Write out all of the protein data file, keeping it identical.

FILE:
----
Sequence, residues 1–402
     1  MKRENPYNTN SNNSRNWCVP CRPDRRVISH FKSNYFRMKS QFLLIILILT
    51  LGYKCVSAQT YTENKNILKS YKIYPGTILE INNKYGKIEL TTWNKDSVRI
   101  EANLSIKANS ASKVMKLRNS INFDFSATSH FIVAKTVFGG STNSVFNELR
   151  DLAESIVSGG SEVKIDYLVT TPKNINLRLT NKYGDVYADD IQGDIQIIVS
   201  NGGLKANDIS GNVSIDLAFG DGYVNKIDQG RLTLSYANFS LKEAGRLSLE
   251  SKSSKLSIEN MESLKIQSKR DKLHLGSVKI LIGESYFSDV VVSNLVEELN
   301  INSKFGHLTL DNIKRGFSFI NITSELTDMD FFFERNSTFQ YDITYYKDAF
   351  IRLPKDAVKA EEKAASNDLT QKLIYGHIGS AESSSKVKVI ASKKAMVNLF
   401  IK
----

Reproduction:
Sequence, residues 1–402
     1  MKRENPYNTN SNNSRNWCVP CRPDRRVISH FKSNYFRMKS QFLLIILILT
    51  LGYKCVSAQT YTENKNILKS YKIYPGTILE INNKYGKIEL TTWNKDSVRI
   101  EANLSIKANS ASKVMKLRNS INFDFSATSH FIVAKTVFGG STNSVFNELR
   151  DLAESIVSGG SEVKIDYLVT TPKNINLRLT NKYGDVYADD IQGDIQIIVS
   201  NGGLKANDIS GNVSIDLAFG DGYVNKIDQG RLTLSYANFS LKEAGRLSLE
   251  SKSSKLSIEN MESLKIQSKR DKLHLGSVKI LIGESYFSDV VVSNLVEELN
   301  INSKFGHLTL DNIKRGFSFI NITSELTDMD FFFERNSTFQ YDITYYKDAF
   351  IRLPKDAVKA EEKAASNDLT QKLIYGHIGS AESSSKVKVI ASKKAMVNLF
   401  IK